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Discarded Christmas trees go onward to renewed uses




Kyle Wickline, 17, of Mill Creek stacks cut Christmas tree branches in a compost recycling dumpster from Rubatino as part of Everett Boy Scout Troop 114’s annual collection of old Christmas trees at Jackson Park in north Everett on Sunday, Jan. 3. The troop took in nearly 200 trees during the two-day weekend event, where the trees were cut apart and stacked into the dumpster for recycling into compost.



SNOHOMISH COUNTY — The tradition of boy scouts recycling Christmas trees is as synonymous with the holiday season as milk and cookies. For decades, Boy Scout troops have been collecting trees after Christmas to serve their community and create something useful from the death of a tree.
Everett Boy Scout Troop 114 met at a local park on Jan. 2 and 3 to collect Christmas trees from the community. Although the collection was free for everybody, a small contribution was suggested. Trees were dropped off and the scouts put them into a large garbage collection bin donated by Rubatino Refuse Removal. Scoutmaster Gary Bazzel said Rubatino has contributed the service every year they have worked with them.
Recycling Christmas trees has become more than simply grinding them down to use as bark for flower beds or wood chips for parks and trails. In past years, Rubatino has sold the recycled tree material to be used as biomass to power a steam turbine creating electricity.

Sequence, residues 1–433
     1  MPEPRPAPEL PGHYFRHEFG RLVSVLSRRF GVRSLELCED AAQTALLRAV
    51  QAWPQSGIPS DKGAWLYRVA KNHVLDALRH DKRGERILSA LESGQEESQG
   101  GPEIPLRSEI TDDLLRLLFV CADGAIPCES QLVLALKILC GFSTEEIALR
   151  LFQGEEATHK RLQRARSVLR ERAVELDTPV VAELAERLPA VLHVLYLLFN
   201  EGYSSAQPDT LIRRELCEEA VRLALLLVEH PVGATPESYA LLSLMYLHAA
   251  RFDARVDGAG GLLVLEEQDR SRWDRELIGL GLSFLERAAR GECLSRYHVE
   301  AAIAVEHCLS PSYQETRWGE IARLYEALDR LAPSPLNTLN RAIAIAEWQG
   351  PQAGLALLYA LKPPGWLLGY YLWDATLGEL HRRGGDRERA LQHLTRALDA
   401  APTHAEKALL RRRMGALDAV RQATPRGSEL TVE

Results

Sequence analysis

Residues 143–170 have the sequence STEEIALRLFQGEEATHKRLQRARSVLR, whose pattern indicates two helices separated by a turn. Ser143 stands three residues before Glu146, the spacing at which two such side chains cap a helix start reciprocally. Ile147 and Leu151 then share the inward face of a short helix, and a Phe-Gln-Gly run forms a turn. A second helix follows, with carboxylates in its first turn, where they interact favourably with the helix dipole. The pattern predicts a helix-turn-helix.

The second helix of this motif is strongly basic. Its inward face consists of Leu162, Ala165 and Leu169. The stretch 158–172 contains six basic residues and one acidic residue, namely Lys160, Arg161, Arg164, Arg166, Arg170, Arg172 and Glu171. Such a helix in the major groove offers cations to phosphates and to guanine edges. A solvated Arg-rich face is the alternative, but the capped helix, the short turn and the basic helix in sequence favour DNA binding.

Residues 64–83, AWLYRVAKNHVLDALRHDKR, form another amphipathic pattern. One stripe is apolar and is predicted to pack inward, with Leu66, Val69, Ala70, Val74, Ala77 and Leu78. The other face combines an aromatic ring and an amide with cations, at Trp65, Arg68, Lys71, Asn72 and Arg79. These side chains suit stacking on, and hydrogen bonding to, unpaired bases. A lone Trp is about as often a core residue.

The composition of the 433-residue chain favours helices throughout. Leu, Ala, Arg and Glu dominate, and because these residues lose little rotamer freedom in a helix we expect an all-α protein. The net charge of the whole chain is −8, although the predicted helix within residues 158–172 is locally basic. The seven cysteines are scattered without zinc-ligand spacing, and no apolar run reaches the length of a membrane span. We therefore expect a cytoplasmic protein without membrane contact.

Bazzel said this year is different. Tree material removed by Rubatino will be recycled by Cedar Grove Composting to be recycled into compost or mulch material. Because trees are biodegradable, the material can be reused instead of taking space in an already crowded landfill. Cedar Grove grinds the tree material up with food scraps to create a compost.
Boy Scout Troop 20 will be holding a similar tree recycling collection event on Saturday, Jan. 9 and Sunday, Jan. 10, at Thornton Sullivan Park, 11405 Silver Lake Road. Trees can be dropped off Saturday from 9 a.m. to 4 p.m. and Sunday from 10 a.m. to 3 p.m.
A few other scout troops are doing curbside pick-up rather than a centrally located drop-off, making recycling the tree as easy as taking out the garbage.
Cedar Grove Composting is also doing free tree recycling at their Everett location, 3620 36th Place NE on Smith Island, for Everett residents.
Another option, if available, is a curbside compost waste bin. Waste Management offers this service to its Snohomish County customers. Trees are required to be cut into sections four feet or less.


Live Christmas tree program in Monroe
Those who purchased a living Christmas tree in a container and don’t intend to plant it on your own property, may donate it to Monroe city parks so that everyone can enjoy it for years to come. Call the Parks & Recreation office at 360-863-4519 for information on how to donate your potted living Christmas tree. For additional information visit www.monroewa.gov/787/Heritage-Living-Christmas-Tree-Programs

  

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